Strange Clouds Spotted at the Edge of Space

Jeremy Hsu
SPACE.com
Tuesday, Sept 2, 2008

A weirdly wonderful sight appeared to astronauts aboard the International Space Station this summer — thin blue clouds hovering at the boundary between Earth's atmosphere and the void.

The noctilucent or "night-shining" clouds are at an altitude of 47 to 53 miles (76 to 85 km), where meteors and bright aurora lights are not uncommon and the atmosphere gives way to the blackness of space. The clouds remain a scientifically baffling phenomenon more than 120 years after their discovery.

"It's lovely," said Gary Thomas, an atmospheric scientist at the University of Colorado after looking at a photo taken from the space station. "And it shows just how high these clouds really are ? at the very edge of space."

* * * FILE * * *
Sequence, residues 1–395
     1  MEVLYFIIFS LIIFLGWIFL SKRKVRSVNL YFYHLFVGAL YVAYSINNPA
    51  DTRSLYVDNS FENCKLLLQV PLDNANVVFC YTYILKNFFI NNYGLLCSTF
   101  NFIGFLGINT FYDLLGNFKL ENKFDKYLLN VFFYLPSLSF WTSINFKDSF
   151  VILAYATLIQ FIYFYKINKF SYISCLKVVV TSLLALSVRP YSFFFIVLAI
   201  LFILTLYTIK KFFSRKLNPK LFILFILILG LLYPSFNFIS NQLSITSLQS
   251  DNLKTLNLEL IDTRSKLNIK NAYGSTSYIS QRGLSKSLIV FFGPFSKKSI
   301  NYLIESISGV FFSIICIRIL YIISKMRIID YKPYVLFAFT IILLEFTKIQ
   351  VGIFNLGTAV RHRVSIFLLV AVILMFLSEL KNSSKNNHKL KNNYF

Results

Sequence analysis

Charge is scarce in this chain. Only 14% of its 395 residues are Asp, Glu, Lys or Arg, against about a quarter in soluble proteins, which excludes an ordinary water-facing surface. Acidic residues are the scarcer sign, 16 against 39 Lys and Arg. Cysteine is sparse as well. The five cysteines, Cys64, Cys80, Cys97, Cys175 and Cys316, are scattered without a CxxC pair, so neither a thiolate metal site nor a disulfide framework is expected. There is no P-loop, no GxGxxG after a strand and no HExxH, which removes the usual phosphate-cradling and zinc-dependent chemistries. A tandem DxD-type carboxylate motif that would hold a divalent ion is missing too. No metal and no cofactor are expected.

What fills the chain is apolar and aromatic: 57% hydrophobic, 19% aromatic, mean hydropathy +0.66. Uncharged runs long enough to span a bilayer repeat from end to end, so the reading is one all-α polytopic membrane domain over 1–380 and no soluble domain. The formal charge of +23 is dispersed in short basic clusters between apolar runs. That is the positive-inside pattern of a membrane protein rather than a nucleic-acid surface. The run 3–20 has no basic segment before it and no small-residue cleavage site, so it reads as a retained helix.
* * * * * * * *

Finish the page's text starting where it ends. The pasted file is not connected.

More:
The clouds form at dizzying heights where the air is one hundred million times drier than the Sahara. By contrast, the common high-altitude cirrus clouds only reach heights of 11 miles (18 km) up.

"We have a fairly good idea that the water vapor from below gets transported upwards," Thomas told SPACE.com. "That is in essence the fuel."

Full article here

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